Banks face new US Anti-Money Laundering Measures

The Justice Department has put Wall Street on notice that it intends to introduce additional enforcement actions against banks that have not done enough to fight the flow of illicit funds into the United States’ financial system.

A top Justice Department official said that banks have stepped up efforts to guard against money laundering in the wake of several high-profile federal enforcement actions, but the United States is still finding problems as it investigates banks.

Banks have come under increasing pressure from regulators and law enforcement to bolster their anti-money-laundering efforts as part of a broad attempt to eradicate money laundering by going after the financial institutions they say enable such activity.

In 2012, HSBC Holdings PLC paid $1.9 billion after admitting violations of the Bank Secrecy Act and other laws. Regulators also reached a smaller settlement with Standard Chartered PLC and cited Citigroup Inc. and J.P. Morgan Chase & Co. for deficient money-laundering controls. Citigroup and J.P. Morgan said they are working to fix the issues. Last year, the Federal Reserve cited problems with the anti-money-laundering program at M&T Bank Corp., delaying a proposed merger.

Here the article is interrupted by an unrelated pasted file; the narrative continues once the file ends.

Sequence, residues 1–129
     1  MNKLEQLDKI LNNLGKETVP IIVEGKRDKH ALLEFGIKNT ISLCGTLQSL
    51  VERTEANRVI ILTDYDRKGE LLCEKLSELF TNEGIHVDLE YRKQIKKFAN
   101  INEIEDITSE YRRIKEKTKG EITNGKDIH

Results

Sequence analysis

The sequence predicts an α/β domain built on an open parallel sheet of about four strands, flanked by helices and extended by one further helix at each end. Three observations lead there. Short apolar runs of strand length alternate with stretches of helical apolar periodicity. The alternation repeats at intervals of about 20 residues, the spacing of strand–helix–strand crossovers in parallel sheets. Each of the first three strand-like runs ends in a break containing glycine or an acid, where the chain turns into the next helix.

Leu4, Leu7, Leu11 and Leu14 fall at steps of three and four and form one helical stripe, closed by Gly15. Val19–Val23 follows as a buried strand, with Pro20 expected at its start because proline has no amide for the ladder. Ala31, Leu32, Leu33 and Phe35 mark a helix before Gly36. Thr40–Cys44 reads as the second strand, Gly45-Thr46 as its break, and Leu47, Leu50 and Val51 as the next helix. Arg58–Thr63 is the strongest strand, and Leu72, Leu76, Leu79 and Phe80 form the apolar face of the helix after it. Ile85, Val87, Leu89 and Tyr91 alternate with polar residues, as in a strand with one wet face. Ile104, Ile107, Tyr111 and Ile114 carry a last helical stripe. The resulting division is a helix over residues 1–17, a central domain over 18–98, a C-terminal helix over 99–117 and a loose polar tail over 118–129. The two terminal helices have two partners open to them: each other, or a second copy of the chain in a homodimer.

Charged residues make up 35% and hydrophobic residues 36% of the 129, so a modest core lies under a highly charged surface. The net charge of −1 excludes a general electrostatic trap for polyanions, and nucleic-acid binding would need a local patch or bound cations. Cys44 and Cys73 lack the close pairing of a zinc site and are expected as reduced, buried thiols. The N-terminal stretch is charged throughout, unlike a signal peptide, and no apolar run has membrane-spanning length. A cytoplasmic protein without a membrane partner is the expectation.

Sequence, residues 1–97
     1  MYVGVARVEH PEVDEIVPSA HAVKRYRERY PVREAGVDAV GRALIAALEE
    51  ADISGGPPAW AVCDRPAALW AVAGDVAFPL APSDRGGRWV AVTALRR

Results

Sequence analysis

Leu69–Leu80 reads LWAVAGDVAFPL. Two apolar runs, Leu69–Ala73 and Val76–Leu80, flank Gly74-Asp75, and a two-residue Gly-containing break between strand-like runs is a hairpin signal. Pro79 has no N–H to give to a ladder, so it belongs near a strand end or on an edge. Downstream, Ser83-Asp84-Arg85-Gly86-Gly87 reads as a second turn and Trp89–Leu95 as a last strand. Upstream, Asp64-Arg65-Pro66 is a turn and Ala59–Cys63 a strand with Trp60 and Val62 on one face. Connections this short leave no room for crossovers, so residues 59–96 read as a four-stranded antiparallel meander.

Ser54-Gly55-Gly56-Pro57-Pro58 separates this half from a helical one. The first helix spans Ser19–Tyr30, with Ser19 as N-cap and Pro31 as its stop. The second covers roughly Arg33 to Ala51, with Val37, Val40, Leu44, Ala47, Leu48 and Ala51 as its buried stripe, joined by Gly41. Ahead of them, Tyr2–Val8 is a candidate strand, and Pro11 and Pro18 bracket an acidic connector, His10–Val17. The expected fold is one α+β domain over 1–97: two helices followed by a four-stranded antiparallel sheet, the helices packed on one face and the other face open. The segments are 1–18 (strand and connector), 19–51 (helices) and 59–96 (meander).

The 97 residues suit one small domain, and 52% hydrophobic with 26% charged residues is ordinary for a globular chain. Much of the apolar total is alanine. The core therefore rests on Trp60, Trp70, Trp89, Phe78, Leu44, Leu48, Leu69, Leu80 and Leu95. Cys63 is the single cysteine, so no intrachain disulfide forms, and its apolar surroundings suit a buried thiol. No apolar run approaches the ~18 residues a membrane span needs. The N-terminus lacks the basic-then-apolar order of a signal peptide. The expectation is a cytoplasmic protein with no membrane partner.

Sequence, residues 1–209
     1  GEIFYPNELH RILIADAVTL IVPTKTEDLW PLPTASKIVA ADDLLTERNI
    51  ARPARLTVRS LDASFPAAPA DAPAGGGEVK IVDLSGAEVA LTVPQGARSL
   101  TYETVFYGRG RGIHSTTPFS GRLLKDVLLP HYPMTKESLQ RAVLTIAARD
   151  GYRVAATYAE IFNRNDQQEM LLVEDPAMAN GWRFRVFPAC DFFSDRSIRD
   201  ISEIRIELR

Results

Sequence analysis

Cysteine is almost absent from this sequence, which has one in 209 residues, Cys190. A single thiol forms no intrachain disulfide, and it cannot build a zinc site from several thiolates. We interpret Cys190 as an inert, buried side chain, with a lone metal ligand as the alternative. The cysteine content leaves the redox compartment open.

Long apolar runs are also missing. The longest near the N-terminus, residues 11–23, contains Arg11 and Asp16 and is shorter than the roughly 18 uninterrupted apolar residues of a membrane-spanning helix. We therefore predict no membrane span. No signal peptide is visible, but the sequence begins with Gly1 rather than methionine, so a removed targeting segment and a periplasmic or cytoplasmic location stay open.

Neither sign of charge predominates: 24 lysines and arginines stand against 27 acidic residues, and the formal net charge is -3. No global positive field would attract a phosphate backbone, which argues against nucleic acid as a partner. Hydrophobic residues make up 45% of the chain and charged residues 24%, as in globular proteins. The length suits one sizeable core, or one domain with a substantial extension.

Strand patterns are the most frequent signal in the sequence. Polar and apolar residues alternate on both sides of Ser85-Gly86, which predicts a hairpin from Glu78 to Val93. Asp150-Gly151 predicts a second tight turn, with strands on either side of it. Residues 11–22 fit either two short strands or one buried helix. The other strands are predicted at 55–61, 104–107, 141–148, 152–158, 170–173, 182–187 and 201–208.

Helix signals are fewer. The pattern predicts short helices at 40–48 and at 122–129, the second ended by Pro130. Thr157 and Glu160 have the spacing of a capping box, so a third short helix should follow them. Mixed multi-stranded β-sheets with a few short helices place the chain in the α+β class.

The increased focus on banks is a shift for law enforcement, which traditionally added money-laundering charges when prosecuting alleged drug dealers or mobsters for other crimes. It also went after specific individuals or institutions that allegedly helped them launder money in specific instances.

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